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Article|10 Jan 2021|OPEN
Almond diversity and homozygosity define structure, kinship, inbreeding, and linkage disequilibrium in cultivated germplasm, and reveal genomic associations with nut and seed weight
Stefano Pavan1,2, Chiara Delvento1, Rosa Mazzeo3, Francesca Ricciardi3, Pasquale Losciale1, Liliana Gaeta4, Nunzio D’Agostino5, Francesca Taranto6, Raquel Sánchez-Pérez7, Luigi Ricciardi1 & Concetta Lotti3,
1Department of Soil, Plant and Food Science, University of Bari Aldo Moro, Via Amendola 165/A, Bari 70126, Italy
2Institute of Biomedical Technologies, National Research Council (CNR), Via Amendola 122/D, Bari 70126, Italy
3Department of the Sciences of Agriculture, Food and Environment, University of Foggia, Via Napoli 25, Foggia 71100, Italy
4Council for Agricultural Research and Economics-Research Centre for Agriculture and Environment (CREA-AA), Bari 70125, Italy
5Department of Agricultural Sciences, University of Naples Federico II, Portici 80055, Italy
6Institute of Biosciences and Bioresources, National Research Council of Italy, Portici 80055, Italy
7CEBAS-CSIC. Campus Universitario de Espinardo, 30100 Espinardo, Spain

Horticulture Research 8,
Article number: 15 (2021)
doi: 10.1038/hortres.2021.15
Views: 477

Received: 22 Jun 2020
Revised: 04 Nov 2020
Accepted: 13 Nov 2020
Published online: 10 Jan 2021

Abstract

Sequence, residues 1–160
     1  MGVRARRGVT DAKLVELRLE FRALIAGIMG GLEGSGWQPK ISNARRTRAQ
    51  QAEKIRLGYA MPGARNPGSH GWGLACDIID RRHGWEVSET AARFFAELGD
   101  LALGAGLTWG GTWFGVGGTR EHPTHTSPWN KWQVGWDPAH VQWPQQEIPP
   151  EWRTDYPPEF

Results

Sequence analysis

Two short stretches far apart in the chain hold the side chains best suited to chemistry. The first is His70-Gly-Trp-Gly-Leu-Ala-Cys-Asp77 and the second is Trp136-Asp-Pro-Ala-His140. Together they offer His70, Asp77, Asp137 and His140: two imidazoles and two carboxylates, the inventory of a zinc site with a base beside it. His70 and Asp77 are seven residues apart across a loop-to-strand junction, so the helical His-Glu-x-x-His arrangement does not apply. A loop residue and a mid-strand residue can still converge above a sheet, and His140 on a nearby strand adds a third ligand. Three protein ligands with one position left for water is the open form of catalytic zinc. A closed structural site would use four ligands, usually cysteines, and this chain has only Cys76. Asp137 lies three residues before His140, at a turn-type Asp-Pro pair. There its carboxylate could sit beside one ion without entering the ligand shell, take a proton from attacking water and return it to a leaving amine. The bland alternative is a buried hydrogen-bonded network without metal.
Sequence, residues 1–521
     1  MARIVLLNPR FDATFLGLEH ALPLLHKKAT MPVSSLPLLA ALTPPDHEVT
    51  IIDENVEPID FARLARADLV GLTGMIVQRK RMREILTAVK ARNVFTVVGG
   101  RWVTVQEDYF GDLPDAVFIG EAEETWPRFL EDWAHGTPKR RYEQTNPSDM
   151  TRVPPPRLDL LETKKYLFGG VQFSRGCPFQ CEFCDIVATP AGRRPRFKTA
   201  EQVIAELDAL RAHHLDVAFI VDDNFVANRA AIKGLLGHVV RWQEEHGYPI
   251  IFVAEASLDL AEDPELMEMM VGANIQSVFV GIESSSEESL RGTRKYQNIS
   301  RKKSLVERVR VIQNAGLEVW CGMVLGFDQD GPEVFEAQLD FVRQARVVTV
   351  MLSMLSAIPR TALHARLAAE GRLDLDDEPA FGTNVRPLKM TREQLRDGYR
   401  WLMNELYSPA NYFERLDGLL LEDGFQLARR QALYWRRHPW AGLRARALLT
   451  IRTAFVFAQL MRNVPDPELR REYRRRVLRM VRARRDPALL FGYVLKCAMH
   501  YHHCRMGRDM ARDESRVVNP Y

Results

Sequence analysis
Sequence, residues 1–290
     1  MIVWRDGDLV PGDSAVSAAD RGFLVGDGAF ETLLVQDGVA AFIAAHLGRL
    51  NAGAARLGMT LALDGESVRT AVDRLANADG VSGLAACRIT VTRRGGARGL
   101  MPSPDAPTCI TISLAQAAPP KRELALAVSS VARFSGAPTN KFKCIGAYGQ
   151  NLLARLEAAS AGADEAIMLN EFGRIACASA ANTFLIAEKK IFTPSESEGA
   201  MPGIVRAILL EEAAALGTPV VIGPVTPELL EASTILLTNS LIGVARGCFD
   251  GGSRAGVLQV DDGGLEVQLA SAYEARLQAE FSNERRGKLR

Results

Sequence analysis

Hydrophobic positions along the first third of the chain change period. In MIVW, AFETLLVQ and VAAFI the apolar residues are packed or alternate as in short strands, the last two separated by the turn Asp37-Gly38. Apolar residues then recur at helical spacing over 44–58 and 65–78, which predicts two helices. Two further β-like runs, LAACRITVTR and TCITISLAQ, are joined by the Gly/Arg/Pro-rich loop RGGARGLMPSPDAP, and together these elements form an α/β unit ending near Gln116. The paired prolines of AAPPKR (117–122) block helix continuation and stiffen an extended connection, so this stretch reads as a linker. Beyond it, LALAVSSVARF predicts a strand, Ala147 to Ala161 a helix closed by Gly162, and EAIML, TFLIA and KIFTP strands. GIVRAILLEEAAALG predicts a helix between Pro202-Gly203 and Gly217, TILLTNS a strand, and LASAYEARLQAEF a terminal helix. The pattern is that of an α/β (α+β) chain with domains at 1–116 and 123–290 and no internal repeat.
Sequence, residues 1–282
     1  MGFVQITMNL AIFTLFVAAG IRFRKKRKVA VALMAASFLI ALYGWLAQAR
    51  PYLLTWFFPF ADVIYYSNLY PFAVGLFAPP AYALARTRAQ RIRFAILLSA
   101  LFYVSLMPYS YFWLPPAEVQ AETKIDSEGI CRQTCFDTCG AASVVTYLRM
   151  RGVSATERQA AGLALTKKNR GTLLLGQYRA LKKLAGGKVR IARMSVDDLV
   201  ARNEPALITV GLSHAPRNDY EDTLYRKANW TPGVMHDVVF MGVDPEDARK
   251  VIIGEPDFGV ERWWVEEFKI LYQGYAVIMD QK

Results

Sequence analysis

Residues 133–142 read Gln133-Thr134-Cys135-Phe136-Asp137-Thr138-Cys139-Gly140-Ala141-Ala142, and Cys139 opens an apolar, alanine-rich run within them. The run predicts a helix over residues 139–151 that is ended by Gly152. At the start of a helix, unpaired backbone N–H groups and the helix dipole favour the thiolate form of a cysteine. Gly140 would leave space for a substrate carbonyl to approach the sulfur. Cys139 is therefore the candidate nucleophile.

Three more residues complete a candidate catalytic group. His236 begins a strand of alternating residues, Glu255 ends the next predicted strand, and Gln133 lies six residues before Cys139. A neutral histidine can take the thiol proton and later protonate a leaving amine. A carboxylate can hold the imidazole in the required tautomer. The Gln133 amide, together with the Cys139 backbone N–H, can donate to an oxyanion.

Almond [Prunus dulcis Miller (D.A. Webb)] is the main tree nut species worldwide. Here, genotyping-by-sequencing (GBS) was applied to 149 almond cultivars from the ex situ collections of the Italian Council for Agricultural Research (CREA) and the Spanish National Research Council (CSIC), leading to the detection of 93,119 single-nucleotide polymorphisms (SNPs). The study of population structure outlined four distinct genetic groups and highlighted diversification between the Mediterranean and Californian gene pools. Data on SNP diversity and runs of homozygosity (ROHs) allowed the definition of kinship, inbreeding, and linkage disequilibrium (LD) decay in almond cultivated germplasm. Four-year phenotypic observations, gathered on 98 cultivars of the CREA collection, were used to perform a genome-wide association study (GWAS) and, for the first time in a crop species, homozygosity mapping (HM), resulting in the identification of genomic associations with nut, shell, and seed weight. Both GWAS and HM suggested that loci controlling nut and seed weight are mostly independent. Overall, this study provides insights on the almond cultivation history and delivers information of major interest for almond genetics and breeding. In a broader perspective, our results encourage the use of ROHs in crop science to estimate inbreeding, choose parental combinations minimizing the risk of inbreeding depression, and identify genomic footprints of selection for specific traits.